PARP-1 inhibitors effective against some cancers
By Aline McKenzie / Holidays 2010
Drugs that inhibit an enzyme called PARP-1 have been shown to be effective in fighting some cancers, but why this approach works has not been fully understood.
A recent UT Southwestern study published in Molecular Cell helps explain why, and the findings could be important in developing better and more specific PARP inhibitors.
Dr. W. Lee Kraus
“Much of the focus has been on PARP-1’s role in DNA damage detection and repair,” said Dr. W. Lee Kraus, director of the Cecil H. and Ida Green Center for Reproductive Biology Sciences and senior author of the study.
“We focused on its action in gene regulation, which has added another layer of understanding to the complex set of roles that PARP-1 plays in cells. It is likely, however, that there are some functional connections between PARP-1’s roles in DNA repair and in gene regulation.”
Dr. Kraus, who also serves as vice chairman for basic science in obstetrics and gynecology, said understanding that there are multiple processes affected could aid in the development of improved PARP inhibitors.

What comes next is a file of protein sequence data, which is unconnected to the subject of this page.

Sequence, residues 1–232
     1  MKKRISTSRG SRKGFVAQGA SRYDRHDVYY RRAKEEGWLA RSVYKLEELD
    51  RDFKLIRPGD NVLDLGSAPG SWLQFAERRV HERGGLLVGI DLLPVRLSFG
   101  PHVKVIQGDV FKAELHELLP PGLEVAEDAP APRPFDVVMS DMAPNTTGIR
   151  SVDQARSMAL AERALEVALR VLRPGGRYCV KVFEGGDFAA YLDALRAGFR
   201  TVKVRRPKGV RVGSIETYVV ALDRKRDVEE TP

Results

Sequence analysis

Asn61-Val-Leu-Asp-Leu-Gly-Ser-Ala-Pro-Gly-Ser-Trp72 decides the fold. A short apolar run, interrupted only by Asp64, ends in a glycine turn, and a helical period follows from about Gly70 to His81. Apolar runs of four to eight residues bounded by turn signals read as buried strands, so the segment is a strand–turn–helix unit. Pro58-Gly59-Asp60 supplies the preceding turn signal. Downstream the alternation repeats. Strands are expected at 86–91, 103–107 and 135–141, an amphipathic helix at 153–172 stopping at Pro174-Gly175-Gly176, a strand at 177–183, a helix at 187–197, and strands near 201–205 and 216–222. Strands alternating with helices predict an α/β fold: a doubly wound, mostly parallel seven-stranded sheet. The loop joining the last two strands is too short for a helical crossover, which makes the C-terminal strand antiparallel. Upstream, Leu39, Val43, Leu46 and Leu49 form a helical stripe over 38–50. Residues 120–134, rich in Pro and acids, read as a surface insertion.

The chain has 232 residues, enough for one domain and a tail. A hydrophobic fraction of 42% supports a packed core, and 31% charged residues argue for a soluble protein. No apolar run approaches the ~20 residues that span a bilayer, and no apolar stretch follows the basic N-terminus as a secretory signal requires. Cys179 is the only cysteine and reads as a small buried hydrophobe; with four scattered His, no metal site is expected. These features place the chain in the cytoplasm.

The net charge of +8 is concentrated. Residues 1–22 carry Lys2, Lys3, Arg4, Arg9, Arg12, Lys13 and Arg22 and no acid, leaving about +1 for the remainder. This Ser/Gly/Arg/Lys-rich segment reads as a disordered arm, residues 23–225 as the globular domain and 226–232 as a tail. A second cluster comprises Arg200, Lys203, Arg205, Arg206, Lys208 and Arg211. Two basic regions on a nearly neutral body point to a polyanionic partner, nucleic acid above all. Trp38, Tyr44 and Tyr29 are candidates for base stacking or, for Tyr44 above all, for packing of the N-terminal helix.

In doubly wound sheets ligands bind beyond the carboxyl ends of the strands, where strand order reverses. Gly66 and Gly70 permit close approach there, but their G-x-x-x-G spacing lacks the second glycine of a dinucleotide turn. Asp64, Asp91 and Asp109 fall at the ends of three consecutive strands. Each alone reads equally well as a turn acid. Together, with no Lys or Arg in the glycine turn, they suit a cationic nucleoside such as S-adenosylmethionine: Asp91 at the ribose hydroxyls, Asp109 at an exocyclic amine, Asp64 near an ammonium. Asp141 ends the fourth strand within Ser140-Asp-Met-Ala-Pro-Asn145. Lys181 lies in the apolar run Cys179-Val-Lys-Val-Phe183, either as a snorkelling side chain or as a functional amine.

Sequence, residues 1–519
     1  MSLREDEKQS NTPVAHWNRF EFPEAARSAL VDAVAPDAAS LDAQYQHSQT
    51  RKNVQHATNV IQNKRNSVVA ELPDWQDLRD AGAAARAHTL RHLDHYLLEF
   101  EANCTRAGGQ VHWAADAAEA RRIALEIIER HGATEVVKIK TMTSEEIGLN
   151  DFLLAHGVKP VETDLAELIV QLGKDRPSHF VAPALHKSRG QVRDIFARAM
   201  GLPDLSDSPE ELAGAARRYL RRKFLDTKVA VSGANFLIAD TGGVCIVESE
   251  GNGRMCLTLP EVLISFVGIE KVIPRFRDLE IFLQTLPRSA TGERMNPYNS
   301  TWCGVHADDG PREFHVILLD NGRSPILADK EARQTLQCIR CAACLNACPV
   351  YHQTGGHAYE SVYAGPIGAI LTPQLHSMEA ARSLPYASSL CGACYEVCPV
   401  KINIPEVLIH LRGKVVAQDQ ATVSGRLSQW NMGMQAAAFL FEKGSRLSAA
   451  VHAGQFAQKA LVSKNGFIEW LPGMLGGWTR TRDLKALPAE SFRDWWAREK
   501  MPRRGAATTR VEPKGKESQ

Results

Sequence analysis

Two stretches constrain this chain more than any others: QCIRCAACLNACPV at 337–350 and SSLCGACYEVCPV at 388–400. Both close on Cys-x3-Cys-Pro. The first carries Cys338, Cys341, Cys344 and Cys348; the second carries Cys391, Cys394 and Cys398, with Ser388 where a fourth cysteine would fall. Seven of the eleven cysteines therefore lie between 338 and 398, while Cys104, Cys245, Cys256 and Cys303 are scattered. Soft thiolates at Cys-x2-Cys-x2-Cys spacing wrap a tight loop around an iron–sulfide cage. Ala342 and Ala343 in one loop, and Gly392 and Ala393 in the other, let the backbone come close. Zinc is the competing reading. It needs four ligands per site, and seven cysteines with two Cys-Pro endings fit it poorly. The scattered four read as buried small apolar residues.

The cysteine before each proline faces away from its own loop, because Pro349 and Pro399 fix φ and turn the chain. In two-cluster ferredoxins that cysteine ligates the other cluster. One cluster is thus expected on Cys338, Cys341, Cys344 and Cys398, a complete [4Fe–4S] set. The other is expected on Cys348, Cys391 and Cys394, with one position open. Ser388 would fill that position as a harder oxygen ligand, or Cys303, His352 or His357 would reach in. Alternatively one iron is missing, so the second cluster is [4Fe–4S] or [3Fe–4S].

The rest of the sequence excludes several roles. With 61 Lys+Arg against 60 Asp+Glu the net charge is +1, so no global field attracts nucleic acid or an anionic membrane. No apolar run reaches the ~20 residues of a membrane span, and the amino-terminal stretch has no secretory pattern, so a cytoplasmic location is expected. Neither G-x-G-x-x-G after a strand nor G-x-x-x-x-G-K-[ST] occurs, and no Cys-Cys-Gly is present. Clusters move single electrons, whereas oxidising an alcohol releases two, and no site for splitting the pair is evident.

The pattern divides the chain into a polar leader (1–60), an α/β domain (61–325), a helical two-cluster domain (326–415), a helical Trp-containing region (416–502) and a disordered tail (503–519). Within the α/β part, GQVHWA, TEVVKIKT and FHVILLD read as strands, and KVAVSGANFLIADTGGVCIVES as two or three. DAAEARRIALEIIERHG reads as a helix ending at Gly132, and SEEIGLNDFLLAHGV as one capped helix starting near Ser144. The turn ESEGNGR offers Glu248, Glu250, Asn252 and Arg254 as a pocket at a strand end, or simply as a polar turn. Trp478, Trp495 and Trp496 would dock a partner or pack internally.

Using cultured human breast cancer cells, Dr. Kraus and lead author Dr. Raga Krishnakumar from Cornell University focused on the interaction between PARP-1 and the histone-modifying enzyme KDM5b, which is overexpressed in many breast cancers. PARP-1 and KDM5b bind together at about one-third of all human genes. The study revealed that inhibition of PARP-1 triggers a cascade of biochemical reactions involving KDM5b that ends with repression of several cancer-related genes.
Several PARP-1 inhibitors are in clinical tests for treating certain cancers, including breast cancer, said Dr. Kraus, who also serves as vice chairman for basic science in obstetrics and gynecology.
“PARP-1 inhibition does not appear to be detrimental to normal noncancerous cells, so PARP inhibitors have the potential to impair the growth of cancer cells without damaging normal cells,” he said.
Dr. Kraus holds the Cecil H. and Ida Green Distinguished Chair in Reproductive Biology Sciences.